DAVIE, Fla. — New Miami Dolphins tight end Dustin Keller sounded pleasantly surprised when giving his impression of quarterback Ryan Tannehill.
“Tannehill has the ability to take a firm grasp on the offense and change a lot of things up,” Keller said Tuesday. “That’s what you want. You want a guy who has the ability to do anything. That’s what the Tom Bradys, the Peyton Mannings are allowed to do.
“It’s just really cool they give him that much leeway.”
The Dolphins also have given Tannehill a revamped receiving corps.
Keller and wide receivers Mike Wallace and Brandon Gibson have joined Brian Hartline to form an improved unit that should help upgrade Miami’s passing attack. Tannehill and his receivers worked against defenders for the first time during this week’s organized training activities (OTA).
“We’re still learning but I’m excited by what I see from those guys,” Tannehill said of his receivers. “They’re all getting a grasp on the offense and we’re starting to get a lot of reps with each other.”
The Dolphins offense is nothing new to Hartline, who re-signed with Miami during the free-agent period.
“I’ve always said it’s a passing league,” Hartline said. “You can be multi-faceted but you have to be able to throw the football and do it effectively. To have depth, to have guys that can do many different things brings a lot to the table.”
One hope is that the free-agent acquisitions (Wallace, Gibson, Keller) will bolster Miami’s ability to run a no-huddle attack.
“Being able to move the chains really is the one deciding thing that gets you the opportunity to call more plays and play faster,” coach Joe Philbin said. “To that degree, the more weapons you have on offense you have to believe that helps your percentages to get more first downs and creating that type of (fast) tempo.”
During his first full-squad workouts with his new team, Wallace quickly realized he no longer was in Pittsburgh.
“I thought I was in pretty good shape before today, but today was a lot different going out there,” Wallace said. “Not really getting a break … so up-tempo, so fast-paced, you just have to get used to it.
“When you get fatigued, things happen sometimes. So you just have to get in good shape, good football shape — even better football shape here than I was ever before.”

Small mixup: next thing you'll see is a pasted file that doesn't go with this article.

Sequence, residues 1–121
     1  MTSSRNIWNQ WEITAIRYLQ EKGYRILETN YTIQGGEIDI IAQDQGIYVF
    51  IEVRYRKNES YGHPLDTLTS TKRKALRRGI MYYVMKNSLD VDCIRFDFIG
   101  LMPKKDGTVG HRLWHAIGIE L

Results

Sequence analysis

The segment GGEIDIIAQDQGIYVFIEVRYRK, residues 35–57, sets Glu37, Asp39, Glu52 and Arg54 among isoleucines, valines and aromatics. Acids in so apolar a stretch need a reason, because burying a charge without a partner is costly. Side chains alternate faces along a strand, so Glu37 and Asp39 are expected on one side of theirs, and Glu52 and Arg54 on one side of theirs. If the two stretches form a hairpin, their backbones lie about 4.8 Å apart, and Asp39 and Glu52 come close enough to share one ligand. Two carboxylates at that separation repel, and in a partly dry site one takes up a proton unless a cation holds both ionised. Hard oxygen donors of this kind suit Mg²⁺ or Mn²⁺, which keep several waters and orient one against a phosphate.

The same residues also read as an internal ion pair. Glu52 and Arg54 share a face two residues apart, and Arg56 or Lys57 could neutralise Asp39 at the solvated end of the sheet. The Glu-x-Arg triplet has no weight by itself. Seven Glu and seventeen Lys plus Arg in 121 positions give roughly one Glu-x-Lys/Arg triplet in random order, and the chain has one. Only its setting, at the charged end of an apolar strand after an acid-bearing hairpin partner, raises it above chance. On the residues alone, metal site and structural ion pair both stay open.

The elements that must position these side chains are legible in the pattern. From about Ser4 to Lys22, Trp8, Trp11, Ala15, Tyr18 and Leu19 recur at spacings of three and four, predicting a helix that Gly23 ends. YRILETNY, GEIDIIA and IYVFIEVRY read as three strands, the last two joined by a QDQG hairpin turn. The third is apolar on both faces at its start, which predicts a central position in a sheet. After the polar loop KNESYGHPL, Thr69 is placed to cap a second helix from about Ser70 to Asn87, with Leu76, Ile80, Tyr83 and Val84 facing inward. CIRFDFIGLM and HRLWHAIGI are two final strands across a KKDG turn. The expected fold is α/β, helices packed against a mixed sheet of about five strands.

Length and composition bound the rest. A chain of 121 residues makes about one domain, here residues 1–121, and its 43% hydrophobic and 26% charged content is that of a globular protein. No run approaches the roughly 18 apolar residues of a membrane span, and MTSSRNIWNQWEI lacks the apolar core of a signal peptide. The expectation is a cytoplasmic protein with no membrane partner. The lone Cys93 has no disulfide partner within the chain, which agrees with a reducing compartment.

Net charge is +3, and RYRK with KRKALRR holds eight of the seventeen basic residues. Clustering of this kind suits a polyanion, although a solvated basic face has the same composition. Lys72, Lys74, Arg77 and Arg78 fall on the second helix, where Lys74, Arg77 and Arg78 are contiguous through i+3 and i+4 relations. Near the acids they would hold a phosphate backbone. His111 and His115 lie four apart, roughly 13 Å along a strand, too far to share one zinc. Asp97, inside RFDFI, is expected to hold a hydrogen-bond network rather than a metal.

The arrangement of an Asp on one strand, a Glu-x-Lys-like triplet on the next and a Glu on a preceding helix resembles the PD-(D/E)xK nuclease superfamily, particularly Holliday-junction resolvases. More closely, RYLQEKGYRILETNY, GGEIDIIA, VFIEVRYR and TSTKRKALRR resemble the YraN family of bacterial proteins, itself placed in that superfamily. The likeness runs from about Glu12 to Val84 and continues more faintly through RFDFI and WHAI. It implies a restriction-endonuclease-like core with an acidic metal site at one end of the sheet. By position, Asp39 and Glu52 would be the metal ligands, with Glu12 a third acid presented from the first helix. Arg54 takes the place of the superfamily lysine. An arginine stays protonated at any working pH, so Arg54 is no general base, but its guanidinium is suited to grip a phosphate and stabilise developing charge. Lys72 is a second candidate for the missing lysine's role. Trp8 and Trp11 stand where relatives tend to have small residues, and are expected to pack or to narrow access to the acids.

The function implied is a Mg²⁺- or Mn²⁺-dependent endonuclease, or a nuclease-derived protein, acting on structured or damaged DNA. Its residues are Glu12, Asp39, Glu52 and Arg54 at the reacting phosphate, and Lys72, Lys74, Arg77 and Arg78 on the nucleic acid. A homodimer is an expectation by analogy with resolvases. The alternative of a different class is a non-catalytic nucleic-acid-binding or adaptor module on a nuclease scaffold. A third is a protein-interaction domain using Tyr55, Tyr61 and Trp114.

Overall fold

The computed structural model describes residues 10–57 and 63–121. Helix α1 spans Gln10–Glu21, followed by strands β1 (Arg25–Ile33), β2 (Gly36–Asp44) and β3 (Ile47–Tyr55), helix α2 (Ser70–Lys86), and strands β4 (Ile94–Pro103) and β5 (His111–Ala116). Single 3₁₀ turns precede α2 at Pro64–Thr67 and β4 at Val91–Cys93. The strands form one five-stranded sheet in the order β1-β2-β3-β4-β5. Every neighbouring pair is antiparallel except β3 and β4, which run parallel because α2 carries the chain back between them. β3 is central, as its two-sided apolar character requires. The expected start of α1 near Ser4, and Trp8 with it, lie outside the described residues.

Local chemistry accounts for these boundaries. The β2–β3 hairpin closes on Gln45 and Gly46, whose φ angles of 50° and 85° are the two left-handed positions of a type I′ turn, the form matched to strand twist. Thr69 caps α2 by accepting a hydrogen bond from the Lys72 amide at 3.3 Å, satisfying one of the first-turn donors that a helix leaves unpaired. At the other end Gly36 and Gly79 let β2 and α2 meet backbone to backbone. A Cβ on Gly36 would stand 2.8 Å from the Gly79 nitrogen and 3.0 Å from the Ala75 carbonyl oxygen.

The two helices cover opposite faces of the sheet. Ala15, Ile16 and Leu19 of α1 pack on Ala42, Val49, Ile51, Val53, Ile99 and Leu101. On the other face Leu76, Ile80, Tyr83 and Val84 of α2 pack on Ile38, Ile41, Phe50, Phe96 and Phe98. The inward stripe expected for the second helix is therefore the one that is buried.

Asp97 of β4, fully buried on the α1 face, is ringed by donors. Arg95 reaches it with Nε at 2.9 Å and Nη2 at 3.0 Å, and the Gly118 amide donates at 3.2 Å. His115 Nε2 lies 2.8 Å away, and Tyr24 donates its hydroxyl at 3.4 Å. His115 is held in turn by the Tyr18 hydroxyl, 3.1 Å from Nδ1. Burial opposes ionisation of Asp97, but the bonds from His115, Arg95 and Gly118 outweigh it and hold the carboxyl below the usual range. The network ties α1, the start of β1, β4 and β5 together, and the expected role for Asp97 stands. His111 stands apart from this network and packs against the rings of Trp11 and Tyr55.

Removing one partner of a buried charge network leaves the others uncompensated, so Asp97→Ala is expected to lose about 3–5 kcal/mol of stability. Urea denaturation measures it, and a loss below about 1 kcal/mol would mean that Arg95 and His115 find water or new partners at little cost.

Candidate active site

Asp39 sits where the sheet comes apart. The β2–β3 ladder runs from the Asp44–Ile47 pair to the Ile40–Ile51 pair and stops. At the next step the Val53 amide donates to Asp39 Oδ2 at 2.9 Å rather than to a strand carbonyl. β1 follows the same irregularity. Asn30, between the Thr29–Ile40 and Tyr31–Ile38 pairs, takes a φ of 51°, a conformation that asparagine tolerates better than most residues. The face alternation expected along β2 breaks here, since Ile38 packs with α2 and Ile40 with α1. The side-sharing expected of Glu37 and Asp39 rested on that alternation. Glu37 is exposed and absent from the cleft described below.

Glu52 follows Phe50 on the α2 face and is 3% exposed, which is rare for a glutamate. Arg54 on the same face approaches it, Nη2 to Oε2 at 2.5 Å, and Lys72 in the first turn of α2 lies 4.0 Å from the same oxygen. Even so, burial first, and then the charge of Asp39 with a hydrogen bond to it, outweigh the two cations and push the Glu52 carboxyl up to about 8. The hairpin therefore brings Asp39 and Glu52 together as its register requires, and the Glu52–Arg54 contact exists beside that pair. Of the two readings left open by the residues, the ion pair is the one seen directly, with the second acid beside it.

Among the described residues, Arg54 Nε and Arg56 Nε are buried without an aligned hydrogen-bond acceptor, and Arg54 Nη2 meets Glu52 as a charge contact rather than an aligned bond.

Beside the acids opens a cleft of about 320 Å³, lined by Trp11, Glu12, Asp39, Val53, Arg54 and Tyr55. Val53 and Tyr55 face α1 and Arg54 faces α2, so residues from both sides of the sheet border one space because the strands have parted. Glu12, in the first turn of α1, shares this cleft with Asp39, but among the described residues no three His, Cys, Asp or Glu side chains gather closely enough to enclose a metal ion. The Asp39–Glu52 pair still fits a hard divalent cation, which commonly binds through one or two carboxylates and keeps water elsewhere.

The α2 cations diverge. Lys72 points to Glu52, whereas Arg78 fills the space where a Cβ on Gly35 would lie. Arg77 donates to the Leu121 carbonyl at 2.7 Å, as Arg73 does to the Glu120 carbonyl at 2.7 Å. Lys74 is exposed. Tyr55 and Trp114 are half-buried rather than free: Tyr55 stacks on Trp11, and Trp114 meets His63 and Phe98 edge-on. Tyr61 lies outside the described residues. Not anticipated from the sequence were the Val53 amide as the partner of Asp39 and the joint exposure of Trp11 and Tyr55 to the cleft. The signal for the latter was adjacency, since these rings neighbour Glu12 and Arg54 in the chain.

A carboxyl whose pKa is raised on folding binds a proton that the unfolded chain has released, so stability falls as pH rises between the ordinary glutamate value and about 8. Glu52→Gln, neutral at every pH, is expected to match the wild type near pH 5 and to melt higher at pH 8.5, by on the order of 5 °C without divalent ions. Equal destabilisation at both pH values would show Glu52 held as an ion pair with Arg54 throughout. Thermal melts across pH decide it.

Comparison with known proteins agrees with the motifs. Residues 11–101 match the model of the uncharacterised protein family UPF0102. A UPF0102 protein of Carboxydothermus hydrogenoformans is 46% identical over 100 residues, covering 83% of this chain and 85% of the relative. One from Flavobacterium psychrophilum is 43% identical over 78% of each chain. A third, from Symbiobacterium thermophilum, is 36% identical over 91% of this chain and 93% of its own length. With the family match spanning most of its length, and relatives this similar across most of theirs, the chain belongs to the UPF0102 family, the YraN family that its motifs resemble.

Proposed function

There are other reasons Wallace understands he’s no longer with the Steelers, with whom he played in Super Bowl XLV.
“It’s a really young team,” Wallace said of the Dolphins. “Everybody has the college mentality around here. It’s a lot different coming from where I came from, with a lot of older guys. Everybody’s hungry, everybody wants to get better, everybody wants to be where we need to be and that’s a winning record.”
— Wallace was asked about going against 5-foot-10 defensive back Brent Grimes:
“It’s a little different going out on a guy so short,” the 6-foot receiver said. “One time Hartline thought (Grimes) was falling down, but he was actually just backpedalling.
“He’s probably one of the most athletic guys I’ve sever seen. He can run, he can jump. He plays a lot bigger than his height.”
— Philbin was asked about the OTA absence of second-round draft pick Jamar Taylor, a cornerback from Boise State.
“For the OTAs, I’m glad to answer any questions about any of the players that were participating in practices,” the coach said. “As we all know, this is a voluntary period we’re in right now.”
— Philbin was asked about Jared Odrick seeing time at defensive tackle and whether the defensive end would be moving inside.
“Not necessarily,” Philbin said. “The OTAs are about creating as many opportunities as we possibly can for the players to compete for playing time. It’s a time to experiment.”
— Tannehill complimented Jonathan Martin, who’s expected to replace departed Jake Long, who signed as a free agent with St. Louis.
“He’s getting back to what he played in college, so he’s comfortable there,” Tannehill said of Martin playing left tackle. “He got to finish out the year last year and he’s been working all offseason on playing the left side. I’m comfortable with him there and I think he’s comfortable as well.”
— Philbin said his ideal starter at running back is a consistent, versatile, elusive performer.
“The defenses are to the point where they make a lot of their calls based on what jersey numbers are in the game,” Philbin said. “So the more multi-dimensional our guys can be … they can catch, they can run, they can block … I think the better that is for us as an offense and tougher it is on a defense.”